I have been out practicing my mountain photography, as some of you might remember, on the beauties across the Strait of Georgia from our lovely Mayne Island. Such is the case on this Saturday January 14, 2012. We didn’t have snow but Vancouver had been gifted with a good dusting as we can see on the coastal mountains.
Such nice a crisp bite to the air and the sea is rolling black gray. There are large thunderous snow clouds moving in billowing mounds overhead.
It is about 3:30 pm and maybe an hour before sunset. I look at the clouds and I look at the mountains and I start to wonder. Could we possibly get a pink sunset and maybe a pink glow on those mountains? I muse for a bit and decide to go over to light house at Georgina Point right at the entrance to Active Pass. This is the best spot to try and set up a tripod and get a good view of the mountains. I get all ready just as the colours start to change. A couple walking their dog come along and visits for a short while. They wanted me to settle an discussion they were having about what I might be photographing. I diplomatically said “a little of everything.” They then wandered off with the dog leaping a head. I went back to watching for the pink to appear on the mountains. David joins me.
Not more than minute goes by when I hear the woman yell “whales!”
Now, if you have ever been anywhere on a B.C. Ferries or on the Gulf Islands when someone yells “whales” you know it gets your attention – no matter how pink the mountains might be about to get. I look down from the coastal giants across the Strait and start scanning the water.
I have never switched the settings on my camera so fast!
Killer Whales or Orcinus orcas – or Orcas for short, seem to be phantoms, smoothly surfacing and disappearing almost as fast as our eyes blink. Catching them in a photograph on the surface when they are traveling is not easy.
I had dreamed and imagined a moment like this but to have it be real – standing there with my camera ready, on the tripod, level, with remote cable shutter release attached. All I had to do was relax and see if I could get the timing down for moving underwater targets that were going to surface some place ahead of where they had just been. That was all. Breathe, Terrill breathe… shoulders down. Look. Relax. Look again. Okay. There. Right there! Got’em!
The whales are relatively close to shore but still a slight reach for my canon Zoom 70-200 mm 1:2.8 L IS II USM lens. I am going to have to trust its clarity and hope for the best. It seemed there was going to be no playing around either. This pod was relaxed and traveling with a purpose. In mid January there wasn’t a whale watching boat in sight. I liked that. Things are all natural and easy. The sea, the whales and David and me.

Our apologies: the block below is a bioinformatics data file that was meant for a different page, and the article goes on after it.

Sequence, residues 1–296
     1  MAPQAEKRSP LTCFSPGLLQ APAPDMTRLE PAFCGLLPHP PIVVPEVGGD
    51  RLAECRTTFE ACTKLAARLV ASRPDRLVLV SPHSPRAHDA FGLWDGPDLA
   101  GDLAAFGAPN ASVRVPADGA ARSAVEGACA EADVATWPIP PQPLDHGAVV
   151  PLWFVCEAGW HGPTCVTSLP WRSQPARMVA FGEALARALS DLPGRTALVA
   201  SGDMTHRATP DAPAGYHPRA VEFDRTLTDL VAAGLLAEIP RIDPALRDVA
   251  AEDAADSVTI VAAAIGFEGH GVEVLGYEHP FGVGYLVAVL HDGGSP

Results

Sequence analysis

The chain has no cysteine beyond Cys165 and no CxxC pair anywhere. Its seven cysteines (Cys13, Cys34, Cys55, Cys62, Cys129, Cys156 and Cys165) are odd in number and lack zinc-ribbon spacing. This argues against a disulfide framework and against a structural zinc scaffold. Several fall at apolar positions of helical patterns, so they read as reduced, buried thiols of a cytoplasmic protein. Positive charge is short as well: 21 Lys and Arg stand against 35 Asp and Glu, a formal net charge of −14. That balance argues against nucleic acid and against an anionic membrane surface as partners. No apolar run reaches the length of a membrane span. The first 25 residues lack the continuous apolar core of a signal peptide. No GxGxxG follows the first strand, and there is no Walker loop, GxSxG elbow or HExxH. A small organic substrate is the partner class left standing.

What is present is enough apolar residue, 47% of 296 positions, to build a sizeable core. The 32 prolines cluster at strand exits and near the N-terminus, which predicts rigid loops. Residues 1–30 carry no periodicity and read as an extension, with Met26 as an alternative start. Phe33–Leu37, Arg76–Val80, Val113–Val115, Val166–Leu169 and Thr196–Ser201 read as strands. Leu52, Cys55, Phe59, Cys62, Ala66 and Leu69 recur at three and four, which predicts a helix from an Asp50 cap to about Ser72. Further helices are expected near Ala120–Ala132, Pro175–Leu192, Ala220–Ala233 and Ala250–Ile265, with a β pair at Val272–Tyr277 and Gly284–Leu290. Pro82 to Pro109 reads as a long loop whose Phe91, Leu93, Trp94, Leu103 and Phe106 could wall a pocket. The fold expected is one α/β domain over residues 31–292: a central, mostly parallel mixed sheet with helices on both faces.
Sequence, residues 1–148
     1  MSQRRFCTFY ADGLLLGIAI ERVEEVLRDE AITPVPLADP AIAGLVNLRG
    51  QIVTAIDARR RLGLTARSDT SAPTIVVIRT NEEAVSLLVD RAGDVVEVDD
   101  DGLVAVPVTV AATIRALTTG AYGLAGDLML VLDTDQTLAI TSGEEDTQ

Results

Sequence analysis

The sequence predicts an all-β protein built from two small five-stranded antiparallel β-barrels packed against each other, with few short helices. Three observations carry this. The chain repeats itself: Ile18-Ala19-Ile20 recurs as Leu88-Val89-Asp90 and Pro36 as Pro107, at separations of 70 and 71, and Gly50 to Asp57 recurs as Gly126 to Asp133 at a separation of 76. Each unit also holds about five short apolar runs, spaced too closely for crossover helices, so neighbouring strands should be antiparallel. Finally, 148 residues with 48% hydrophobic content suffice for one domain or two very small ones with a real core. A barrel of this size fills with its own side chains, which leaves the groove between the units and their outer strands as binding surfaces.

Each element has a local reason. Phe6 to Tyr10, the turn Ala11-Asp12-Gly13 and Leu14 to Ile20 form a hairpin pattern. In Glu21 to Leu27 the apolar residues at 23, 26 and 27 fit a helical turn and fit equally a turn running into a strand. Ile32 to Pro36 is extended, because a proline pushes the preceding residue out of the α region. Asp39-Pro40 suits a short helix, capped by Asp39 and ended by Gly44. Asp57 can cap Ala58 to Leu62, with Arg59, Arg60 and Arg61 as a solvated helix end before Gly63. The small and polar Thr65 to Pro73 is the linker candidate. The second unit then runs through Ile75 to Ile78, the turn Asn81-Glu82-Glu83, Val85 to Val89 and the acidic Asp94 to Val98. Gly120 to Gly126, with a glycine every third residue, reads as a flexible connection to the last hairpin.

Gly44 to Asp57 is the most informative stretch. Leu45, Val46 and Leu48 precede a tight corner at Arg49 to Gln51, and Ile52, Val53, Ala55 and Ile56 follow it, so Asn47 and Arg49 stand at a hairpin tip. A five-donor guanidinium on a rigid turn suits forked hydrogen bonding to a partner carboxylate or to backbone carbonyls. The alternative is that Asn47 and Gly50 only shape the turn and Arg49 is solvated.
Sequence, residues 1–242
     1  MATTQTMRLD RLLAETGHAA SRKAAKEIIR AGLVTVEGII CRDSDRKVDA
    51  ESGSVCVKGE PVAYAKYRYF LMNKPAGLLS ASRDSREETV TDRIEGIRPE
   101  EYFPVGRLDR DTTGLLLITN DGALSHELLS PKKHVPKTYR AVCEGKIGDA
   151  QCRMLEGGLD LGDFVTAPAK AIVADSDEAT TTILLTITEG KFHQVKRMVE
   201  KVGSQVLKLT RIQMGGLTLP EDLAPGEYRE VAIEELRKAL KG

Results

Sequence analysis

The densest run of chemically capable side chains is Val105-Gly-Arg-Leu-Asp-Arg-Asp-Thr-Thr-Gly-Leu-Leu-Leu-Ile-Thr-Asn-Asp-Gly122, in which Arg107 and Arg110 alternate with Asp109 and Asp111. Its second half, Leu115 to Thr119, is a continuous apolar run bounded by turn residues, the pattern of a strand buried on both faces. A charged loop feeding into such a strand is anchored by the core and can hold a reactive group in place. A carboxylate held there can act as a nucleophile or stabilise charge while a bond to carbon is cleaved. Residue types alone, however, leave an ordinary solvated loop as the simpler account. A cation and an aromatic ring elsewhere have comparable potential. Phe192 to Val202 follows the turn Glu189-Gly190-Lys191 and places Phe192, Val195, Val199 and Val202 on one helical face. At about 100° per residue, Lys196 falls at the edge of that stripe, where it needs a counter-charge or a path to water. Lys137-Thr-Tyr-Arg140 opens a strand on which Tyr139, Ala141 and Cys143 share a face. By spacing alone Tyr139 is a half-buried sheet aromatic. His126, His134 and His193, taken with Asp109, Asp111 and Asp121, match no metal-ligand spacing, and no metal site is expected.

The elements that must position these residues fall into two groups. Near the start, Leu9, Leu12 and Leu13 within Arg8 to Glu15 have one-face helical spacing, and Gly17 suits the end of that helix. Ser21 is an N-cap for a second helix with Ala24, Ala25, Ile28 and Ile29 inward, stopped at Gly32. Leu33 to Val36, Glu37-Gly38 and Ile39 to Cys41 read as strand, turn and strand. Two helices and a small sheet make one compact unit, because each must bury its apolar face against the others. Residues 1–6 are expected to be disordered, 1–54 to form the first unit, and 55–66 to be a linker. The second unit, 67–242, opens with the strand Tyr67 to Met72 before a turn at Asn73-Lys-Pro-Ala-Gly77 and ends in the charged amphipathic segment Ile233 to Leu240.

Oh look here is a cow and calf…
You can see how close they are to the far sandstone reef…
Then they are gone. David and I looked at each other and smile. Chilled but excited. What a moment. Pure magic.
I say “You know they are travelling towards Saturna Island. If we go back to Reef Bay maybe I can catch them in the evening light there.”
David seems slightly more resigned than excited about this idea. But he humours me. Such is love married to a photographer. Off we go.
I was pretty sure they will travel farther off shore and it might be too dark… and I might not see them at all. But it was worth the chance. David decides to wait in the truck and warm up. I am going to have to hand hold the camera as there is no time and limited space to put up the tripod on the reef with the current tide level. Well let’s see what we can do. Are you ready?
There is a fishing boat coming across the Strait.
The light is exquisite. I scan the waters looking from north to south – hoping.
Ah, I catch sight of the first one…
Then the three…
I love when they seem to roll up to the surface like this one…
Then a flip of a tail as if to say good-bye and they are gone to far to capture in a photograph.
I had forgotten all about waiting for a pink sky
and pink mountains…
Now I notice that I am cold, even with my down jacket. My hands are stiff and my arms tired from the weight of hand holding the lens for so long. It is time to go.
One last shot from Oyster Bay and we call it a day.
SPROUT: If you could have a conversation with an Orca what would you say?
SEED: Now I have to tell you the whole story. Orcas or Killer Whales are not really whales. They are the largest of the dolphin family. There are 3 different kinds of orcas: resident, transient, and offshore. I think these might be one of the resident pods but I am not sure as I know so little about them.
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From Mayne Island, British Columbia, Canada
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